John Paul, Wayne Madsen, Ian Symons, Leroy Philips, Justin Ross Reid and Lungile Tsolekile scored for South Africa while Dwain Chan Quan was the lone goal-getter for the losers.

Malaysia Hold India 1-1
Commonwealth Games, 2006

India 1 Malaysia 1

March 17, 2006, Melbourne

Opening matches in any competition still continue to be India’s bugbear when Malaysia held India to a 1-1 draw in the opening game of the 2006 Commonwealth Games being played at the Hockey Centre in Melbourne. India, were actually, lucky not have lost the match to the nippy Malaysians who were extremely dangerous on the counter-attack. India, on the other hand, looked disjointed and completely bankrupt when it came to ideas in the striking circle or even in the midfield.

Malaysia opened the scoring in the 26th minute when Mohammed Amin flicked in a penalty stroke. India, equalized in the second half after Sandeep Singh, who had a yellow card in the first half, sent a powerful low flick to beat the Malaysia goalkeeper off India’s second penalty corner.

Overall, it was a display that didn’t do any good to India and now with a match against Pakistan on Saturday, they better start thinking of how they could notch up three points.

The breaks were fast in the beginning for both the teams with the Indian skipper Ignace Tirkey in his elements. But by the time the second half began, Ignace had faded and with Vikram Pillay appearing slow, the Indians looked pedestrian in the midfield.

India gave away the first penalty corner to Malaysia in the 12th minute when Kiwi umpire Simon Taylor gave a free hit to Malaysia outside the circle but Vikram lashed at the ball that struck a Malaysian player. Taylor changed the decision to a penalty corner. India was lucky to get away as Chettri made a save.

By the middle of the first half, India had started dominating but the perennial problem of sticking with the ball remained with Rajpal Singh the main culprit. On the right flank, the Chandigarh-based player had the opportunities but over-play on the flanks enabled the Malaysians to fall back and defend. Malaysian skipper Kuhan thwarted many a move and proved that he is one of the best defenders in Asia.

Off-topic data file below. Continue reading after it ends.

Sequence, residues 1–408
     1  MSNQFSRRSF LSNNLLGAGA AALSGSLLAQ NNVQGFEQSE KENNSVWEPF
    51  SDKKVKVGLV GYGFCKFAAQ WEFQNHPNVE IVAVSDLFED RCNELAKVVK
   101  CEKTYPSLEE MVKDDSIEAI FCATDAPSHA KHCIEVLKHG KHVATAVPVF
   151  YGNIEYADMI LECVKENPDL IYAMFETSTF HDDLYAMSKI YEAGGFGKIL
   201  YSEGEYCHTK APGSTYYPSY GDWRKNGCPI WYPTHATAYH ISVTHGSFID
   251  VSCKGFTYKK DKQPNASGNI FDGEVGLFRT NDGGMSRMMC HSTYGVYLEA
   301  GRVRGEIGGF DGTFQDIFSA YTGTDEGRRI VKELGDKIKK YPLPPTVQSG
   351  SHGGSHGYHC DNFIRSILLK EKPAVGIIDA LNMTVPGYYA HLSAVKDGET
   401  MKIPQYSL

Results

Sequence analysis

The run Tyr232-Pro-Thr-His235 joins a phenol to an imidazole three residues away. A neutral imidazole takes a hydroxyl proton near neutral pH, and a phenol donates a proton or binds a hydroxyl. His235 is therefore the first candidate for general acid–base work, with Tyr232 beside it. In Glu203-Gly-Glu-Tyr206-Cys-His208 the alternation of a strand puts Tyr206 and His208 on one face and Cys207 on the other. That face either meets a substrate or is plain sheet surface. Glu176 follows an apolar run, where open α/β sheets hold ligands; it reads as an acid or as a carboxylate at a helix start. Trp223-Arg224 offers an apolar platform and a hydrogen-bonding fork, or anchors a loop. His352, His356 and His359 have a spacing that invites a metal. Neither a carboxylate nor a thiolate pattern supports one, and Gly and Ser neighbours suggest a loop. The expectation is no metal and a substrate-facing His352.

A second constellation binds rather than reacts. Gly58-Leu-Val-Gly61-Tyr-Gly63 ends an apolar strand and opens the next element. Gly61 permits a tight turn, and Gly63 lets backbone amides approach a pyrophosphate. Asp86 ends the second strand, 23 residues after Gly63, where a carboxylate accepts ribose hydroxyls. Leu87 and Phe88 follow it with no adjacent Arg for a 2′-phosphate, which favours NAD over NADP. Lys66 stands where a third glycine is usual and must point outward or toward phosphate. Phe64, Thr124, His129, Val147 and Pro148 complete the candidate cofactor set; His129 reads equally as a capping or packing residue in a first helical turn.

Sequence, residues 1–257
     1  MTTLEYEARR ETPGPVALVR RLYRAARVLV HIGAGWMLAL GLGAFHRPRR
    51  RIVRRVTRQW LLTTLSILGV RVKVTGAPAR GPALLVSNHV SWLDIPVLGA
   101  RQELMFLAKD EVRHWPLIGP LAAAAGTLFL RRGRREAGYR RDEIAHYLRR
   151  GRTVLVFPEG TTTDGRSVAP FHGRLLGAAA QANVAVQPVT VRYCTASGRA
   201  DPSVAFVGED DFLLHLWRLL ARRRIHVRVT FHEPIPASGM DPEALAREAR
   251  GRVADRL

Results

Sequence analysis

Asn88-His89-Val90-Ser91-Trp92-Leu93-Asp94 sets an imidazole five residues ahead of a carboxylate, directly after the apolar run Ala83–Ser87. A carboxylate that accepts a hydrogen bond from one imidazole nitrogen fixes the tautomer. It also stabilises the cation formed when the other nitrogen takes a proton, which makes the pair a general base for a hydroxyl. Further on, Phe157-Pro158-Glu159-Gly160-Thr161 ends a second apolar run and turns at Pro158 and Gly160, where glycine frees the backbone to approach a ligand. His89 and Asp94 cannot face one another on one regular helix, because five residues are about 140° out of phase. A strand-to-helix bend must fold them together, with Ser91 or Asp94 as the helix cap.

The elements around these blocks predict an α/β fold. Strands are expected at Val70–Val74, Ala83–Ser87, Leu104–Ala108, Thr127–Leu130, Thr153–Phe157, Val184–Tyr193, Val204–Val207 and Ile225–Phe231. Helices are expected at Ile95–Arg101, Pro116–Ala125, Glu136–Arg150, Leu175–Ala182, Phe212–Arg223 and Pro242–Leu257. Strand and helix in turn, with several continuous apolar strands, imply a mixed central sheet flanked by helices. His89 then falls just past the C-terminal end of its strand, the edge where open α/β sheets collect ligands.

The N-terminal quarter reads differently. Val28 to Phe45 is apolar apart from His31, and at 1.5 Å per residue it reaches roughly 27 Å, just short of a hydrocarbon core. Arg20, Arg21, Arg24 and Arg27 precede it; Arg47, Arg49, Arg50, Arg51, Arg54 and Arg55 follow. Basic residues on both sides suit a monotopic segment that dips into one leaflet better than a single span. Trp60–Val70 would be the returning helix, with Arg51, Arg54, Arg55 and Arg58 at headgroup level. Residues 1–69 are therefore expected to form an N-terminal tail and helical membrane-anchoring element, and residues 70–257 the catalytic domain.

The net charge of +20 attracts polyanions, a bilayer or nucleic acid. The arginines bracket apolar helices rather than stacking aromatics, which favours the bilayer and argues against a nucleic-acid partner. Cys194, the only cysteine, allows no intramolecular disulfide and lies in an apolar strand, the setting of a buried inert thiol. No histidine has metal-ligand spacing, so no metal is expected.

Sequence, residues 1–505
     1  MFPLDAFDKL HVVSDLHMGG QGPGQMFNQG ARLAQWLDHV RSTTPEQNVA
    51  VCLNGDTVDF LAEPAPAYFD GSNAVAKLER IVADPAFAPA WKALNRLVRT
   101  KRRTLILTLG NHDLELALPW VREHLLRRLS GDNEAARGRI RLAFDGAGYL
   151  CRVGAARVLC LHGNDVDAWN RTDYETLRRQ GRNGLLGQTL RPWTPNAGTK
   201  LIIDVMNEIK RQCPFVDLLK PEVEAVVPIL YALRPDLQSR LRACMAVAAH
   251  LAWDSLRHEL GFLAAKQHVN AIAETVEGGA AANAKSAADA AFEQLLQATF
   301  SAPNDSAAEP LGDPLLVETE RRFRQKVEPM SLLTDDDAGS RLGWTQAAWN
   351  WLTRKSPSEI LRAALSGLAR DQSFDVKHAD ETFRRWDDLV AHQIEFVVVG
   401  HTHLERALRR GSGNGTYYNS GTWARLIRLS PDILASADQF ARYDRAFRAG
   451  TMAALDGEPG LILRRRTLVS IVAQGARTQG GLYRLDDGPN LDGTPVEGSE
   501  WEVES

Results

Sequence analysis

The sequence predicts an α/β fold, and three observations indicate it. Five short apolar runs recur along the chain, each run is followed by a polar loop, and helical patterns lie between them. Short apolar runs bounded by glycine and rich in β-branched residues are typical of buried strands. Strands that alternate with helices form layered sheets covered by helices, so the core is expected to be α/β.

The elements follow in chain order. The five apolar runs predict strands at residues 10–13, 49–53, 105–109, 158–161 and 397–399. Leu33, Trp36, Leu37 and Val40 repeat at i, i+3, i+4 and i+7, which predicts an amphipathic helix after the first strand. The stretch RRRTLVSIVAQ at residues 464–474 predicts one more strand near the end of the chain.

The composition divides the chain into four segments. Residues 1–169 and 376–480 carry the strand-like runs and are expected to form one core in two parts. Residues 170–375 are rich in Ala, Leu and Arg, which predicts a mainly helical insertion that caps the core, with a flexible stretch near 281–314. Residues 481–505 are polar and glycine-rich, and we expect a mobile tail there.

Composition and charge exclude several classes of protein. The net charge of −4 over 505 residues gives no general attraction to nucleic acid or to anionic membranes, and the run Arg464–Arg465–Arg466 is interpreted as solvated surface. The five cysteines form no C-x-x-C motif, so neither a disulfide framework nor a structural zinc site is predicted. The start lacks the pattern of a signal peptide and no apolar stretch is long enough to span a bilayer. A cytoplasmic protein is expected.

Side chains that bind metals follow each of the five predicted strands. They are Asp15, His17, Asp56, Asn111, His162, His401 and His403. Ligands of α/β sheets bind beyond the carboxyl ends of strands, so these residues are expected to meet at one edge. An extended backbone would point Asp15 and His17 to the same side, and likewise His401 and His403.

Malaysian goalkeeper, Mohd Nasihin Ibrahim, was also in his elements. Once with Tejbir perfectly positioned, Ibrahim dived to his right and deflected a well taken shot away.

In the 25th minute, Sandeep Singh was given a yellow card for putting the stick and tripping the Malaysian forward after he had been well beaten by pace and a body dodge.

One couldn’t understand why the team management didn’t play William Xalxo, one of the best defenders and still stuck to curtailing creativity in the midfield by playing Viren as right half instead of centre-half.

With India down to ten men in the 25th minute, Malaysia pressed forward and in the 26th minute, a counter-attack, saw Chettri come out and with the ball in play brought his body in to stop a Malaysian forward. Simon Taylor had no hesitation in awarding a stroke against India.

Mohammed Amin converted the flick, firing between Chettri’s pads.

After the break, Malaysia could have gone ahead with a second goal but Mohd Rodzlan couldn’t control when he had the net in front with the Indian goalkeeper on the wrong foot. Rodzlan had a great game for Malaysia and kept the Indian defenders constantly on the back-foot.

In the 42nd minute, India had a move when Vikram Pillay’s fierce shot was deflected by Deepak Thakur towards Tejbir whose first timer was brilliantly saved by Ibrahim.

India was unlucky, five minutes later, when a Rajpal Singh cross was deflected by Sardar Singh towards the goal but the ball hit the cross-piece.

The equalizer came in the 44th minute when Sandeep Singh fired in a low flick that beat Ibrahim who was looking for the aerial ball.

With Didar Singh and Sardar Singh completely failing in the frontline, snatching a winner was almost impossible for the Indians. They did come close but the Malaysian defence was not be breached today.

With eight minutes left, Malaysia had their second penalty corner but Amin’s powerful flick was taken on the gloves by Chettri.

The Indians were unlucky in not getting a penalty corner towards the end but instead of blaming the umpires, the team management should begin looking inwards.